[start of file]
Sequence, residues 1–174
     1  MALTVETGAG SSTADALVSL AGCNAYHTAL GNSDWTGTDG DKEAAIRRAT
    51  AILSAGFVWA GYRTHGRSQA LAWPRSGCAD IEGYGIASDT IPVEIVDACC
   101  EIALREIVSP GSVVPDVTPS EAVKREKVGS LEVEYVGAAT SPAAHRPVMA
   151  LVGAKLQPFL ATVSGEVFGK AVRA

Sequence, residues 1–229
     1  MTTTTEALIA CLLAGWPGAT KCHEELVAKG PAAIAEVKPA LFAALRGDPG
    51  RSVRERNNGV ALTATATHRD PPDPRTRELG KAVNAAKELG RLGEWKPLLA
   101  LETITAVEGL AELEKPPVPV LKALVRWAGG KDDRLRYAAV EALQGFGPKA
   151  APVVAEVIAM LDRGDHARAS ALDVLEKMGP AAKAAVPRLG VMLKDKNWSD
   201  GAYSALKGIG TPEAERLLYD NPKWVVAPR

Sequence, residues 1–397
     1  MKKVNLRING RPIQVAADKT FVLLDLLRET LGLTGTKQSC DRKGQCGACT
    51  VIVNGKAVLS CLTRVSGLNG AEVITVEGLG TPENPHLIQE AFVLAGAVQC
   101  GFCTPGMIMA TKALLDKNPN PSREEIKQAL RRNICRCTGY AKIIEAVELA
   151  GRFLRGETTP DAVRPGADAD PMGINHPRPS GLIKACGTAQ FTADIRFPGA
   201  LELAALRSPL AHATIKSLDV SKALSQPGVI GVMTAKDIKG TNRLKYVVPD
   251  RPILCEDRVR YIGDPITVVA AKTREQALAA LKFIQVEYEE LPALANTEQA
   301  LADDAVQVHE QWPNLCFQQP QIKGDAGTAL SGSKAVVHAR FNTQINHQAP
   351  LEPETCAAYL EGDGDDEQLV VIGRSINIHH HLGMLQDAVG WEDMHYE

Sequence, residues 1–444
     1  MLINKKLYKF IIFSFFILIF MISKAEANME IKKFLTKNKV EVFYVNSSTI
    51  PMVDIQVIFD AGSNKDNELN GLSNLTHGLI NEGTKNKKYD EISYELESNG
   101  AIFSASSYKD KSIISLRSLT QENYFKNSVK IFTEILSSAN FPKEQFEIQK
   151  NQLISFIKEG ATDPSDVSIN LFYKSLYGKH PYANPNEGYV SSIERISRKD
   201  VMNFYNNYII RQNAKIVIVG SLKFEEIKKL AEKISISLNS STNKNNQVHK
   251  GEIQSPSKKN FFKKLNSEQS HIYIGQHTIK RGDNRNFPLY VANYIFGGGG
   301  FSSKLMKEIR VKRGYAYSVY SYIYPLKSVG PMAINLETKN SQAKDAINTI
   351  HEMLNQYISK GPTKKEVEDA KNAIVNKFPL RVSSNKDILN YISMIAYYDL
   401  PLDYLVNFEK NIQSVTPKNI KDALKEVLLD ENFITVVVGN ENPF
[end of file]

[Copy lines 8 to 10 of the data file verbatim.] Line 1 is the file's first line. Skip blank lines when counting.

    51  RSVRERNNGV ALTATATHRD PPDPRTRELG KAVNAAKELG RLGEWKPLLA
   101  LETITAVEGL AELEKPPVPV LKALVRWAGG KDDRLRYAAV EALQGFGPKA
   151  APVVAEVIAM LDRGDHARAS ALDVLEKMGP AAKAAVPRLG VMLKDKNWSD